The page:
AFs are not suitable for the acute response stage of an emergency because the biological environment within the AF takes time to establish. AFs are more suited for stabilisation and recovery periods, and are longterm solutions. The neighbourhood scale is most suitable, but AFs can also be implemented at the household level,in larger catchment areas or in public buildings (e.g. schools). Even though AFs are watertight, it is not recommended to construct them in areas with high groundwater tables or where there is frequent flooding. However, prefabricated modules can be placed above ground. AFs can be installed in every type of climate, although efficiency will be lower in colder climates. Pathogen and nutrient reduction is low in AFs; if high effluent standards are to be achieved, an additional treatment technology should be added, e.g. the Anaerobic Baffled Reactor S.14 , Waste Stabilisation Ponds T.5 or Constructed Wetlands T.6 .
Operation and Maintenance
An AF requires a start-up period of 6 to 9 months to reach full treatment capacity since the slow-growing anaerobic biomass first needs to be established on the filter media. To reduce start-up time, the filter can be inoculated with anaerobic bacteria, e.g. by spraying Septic Tank sludge onto the filter material. The flow should be gradually increased over time. Scum and sludge levels need to be monitored to ensure that the tank is functioning well. Over time, solids will clog the pores of the filter. Also the growing bacterial mass can become too thick, break off and eventually clog pores. When the efficiency decreases, the filter must be cleaned. This is done by running the system in reverse mode (backwashing) or by removing and cleaning the filter material. AF tanks should be checked from time to time to ensure that they are watertight.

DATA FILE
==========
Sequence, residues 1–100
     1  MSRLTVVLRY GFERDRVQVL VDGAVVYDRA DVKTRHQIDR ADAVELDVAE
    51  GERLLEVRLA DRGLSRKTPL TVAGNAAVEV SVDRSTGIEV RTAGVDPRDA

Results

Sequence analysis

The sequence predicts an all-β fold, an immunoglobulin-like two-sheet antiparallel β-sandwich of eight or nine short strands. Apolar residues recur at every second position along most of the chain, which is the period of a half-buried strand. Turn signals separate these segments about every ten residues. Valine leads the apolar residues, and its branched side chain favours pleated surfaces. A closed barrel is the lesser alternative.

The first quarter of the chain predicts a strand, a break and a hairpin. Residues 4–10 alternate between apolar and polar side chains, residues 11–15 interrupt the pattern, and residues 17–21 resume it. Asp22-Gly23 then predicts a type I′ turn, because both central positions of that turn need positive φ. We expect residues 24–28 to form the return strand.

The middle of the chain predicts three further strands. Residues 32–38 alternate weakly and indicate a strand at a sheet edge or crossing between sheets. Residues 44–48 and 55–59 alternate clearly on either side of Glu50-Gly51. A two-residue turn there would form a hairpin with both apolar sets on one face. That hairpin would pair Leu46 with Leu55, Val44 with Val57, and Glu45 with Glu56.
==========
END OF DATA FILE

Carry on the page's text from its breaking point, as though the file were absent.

Health and Safety
Effluent, scum and sludge must be handled with care as the effluent still contains pathogens and should be treated further if reused in agriculture, directly used for fertilisation and irrigation or discharged properly. Full personal protective equipment must be worn during the desludging and cleaning of the AF.
The capital cost of an AF is medium and the operational costs are low. The costs of the AF depend on the conveyance technology and treatment used, and also on local availability and thus costs of construction materials (sand, gravel, cement, steel), or cost of the prefabricated modules, and labor costs. The main operation and maintenance costs are related to the removal of primary sludge and cost of electricity if pumps are required for discharge (in the absence of the gravity flow option).
Usually, AF treatment systems are a well-accepted technology. Because of the delicate ecology in the system, awareness raising on eliminating the use of harsh chemicals for the users is necessary.
- Low O & M requirements and costs
- Robust and stable treatment performance (Resistant to organic and hydraulic shock loadings)
- No electrical energy is required
- High reduction of BOD and solids
- Limited reduction of pathogens and nutrients
- Requires expert design and construction
- Removing and cleaning the clogged filter media is cumbersome
- Long start-up time